Asian stock markets were mixed yesterday, with stronger Chinese manufacturing data providing support as Tokyo’s rise was stunted by a huge slump in electronics giant Panasonic.
Wall Street’s lead was tepid in a quiet first session after superstorm Sandy had forced the market to close for two days.
Hong Kong gained 0.83%, or 180.05 points, to 21,821.87, while Shanghai surged 1.72%, or 35.55 points, to 2,104.43.
Tokyo closed 0.21% higher, gaining 18.58 points to 8,946.87. But Seoul eased 0.71%, or 13.62 points, to 1,898.44 and Sydney dropped 1.32%, or 59.4 points, to 4,457.6.
In other markets; Taipei closed 0.19%, or 13.59 points, higher at 7,179.64; Wellington fell 0.66%, or 25.99 points, to 3,931.88; Bangkok fell 0.07%, or 0.88 points, to 1,297.99; Singapore closed down 0.39%, or 11.76 points to 3,026.61; Kuala Lumpur gained 0.16%, or 2.62 points, to 1,675.69; while, Jakarta fell 0.34%, or 14.93 points, to 4,335.36; Mumbai rose 0.30%, or 56.32 points, to 18,561.7.
Data showed China’s manufacturing activity expanded in October for the first time in three months, adding to renewed optimism that the world’s number two economy is beginning to awake from its recent slumber.
The purchasing managers’ index (PMI) stood at 50.2 last month, better than 49.8 in September, according to official figures. A PMI reading above 50 indicates expansion while anything below points to contraction.
Separately, a survey by HSBC came in at 49.5 in October—from 47.9 in September—which, although still in contraction, represents another rise.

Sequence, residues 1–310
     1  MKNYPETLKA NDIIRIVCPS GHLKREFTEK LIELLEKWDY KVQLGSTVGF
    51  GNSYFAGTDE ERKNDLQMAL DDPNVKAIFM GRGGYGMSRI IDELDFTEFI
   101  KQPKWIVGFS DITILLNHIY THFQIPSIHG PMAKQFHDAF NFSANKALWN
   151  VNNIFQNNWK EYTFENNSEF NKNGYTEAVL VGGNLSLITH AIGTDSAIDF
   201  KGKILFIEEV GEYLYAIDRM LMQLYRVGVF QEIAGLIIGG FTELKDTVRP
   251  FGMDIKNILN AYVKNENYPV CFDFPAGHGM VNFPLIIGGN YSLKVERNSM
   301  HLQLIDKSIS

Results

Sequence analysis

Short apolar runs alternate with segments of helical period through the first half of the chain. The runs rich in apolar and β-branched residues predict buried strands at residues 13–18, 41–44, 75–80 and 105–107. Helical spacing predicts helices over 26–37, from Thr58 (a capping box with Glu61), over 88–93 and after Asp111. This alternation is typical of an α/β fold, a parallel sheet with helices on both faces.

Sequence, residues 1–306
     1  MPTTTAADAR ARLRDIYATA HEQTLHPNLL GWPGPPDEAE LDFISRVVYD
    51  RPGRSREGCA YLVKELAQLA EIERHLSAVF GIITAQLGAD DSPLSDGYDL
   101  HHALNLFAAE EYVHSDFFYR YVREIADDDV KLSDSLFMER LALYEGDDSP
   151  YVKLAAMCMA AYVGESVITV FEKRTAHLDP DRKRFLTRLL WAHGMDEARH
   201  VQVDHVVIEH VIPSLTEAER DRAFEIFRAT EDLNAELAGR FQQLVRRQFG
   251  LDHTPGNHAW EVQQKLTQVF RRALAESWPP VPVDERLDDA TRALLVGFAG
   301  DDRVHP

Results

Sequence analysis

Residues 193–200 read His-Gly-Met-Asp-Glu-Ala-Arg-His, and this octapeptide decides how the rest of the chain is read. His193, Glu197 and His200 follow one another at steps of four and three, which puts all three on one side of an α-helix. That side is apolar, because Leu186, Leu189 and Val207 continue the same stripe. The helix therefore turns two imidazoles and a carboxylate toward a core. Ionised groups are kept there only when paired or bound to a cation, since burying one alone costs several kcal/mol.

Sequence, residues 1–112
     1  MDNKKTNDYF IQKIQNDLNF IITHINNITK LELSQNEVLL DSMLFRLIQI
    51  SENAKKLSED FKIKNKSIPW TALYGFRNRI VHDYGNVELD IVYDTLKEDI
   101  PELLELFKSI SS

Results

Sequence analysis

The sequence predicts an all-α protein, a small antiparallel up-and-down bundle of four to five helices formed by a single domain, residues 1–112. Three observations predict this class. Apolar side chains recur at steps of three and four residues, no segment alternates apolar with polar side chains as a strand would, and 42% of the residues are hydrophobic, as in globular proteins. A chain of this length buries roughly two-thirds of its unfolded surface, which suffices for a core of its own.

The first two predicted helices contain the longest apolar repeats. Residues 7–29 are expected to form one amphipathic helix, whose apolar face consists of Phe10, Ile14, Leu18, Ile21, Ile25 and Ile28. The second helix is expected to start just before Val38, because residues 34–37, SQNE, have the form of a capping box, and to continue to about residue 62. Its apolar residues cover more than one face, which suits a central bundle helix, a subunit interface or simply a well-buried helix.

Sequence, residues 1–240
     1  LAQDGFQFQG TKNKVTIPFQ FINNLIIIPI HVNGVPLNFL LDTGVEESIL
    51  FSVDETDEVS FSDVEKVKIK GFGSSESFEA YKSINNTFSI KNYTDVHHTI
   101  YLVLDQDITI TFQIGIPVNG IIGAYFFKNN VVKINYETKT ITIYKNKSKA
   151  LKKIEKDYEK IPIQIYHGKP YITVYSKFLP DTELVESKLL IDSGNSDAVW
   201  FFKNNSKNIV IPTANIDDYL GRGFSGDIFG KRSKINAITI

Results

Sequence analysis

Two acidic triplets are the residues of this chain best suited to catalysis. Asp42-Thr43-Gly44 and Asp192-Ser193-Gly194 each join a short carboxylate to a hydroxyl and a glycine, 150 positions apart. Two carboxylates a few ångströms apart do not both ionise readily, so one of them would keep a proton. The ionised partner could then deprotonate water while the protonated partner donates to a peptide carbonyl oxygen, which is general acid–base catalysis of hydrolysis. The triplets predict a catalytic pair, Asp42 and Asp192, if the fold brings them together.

The official PMI had contracted in August and September because of a broader slump in the economy caused by weak demand in Europe and the US.
The official number is “showing that the economy is on the way to a moderate recovery”, said Grace Ng, senior China economist at JPMorgan.
She told Dow Jones Newswires it is “reinforcing the message that the economy has bottomed out”.
On Tokyo’s Nikkei, shares were weighed down by Panasonic, which dived almost 20% a day after it said it expected to post a loss of $9.6bn in the fiscal year to March.
The firm blamed the horrific estimate—a sharp reversal from its previous vow to return to the black by March—on restructuring costs and writedowns.
In Europe, Greece unveiled a tough new austerity budget as the European Union said there was still work to be done before the recession-hit country could access loan funds needed to stave off bankruptcy.
And data showed unemployment in the 17-nation eurozone hit a record high of 11.6% in September.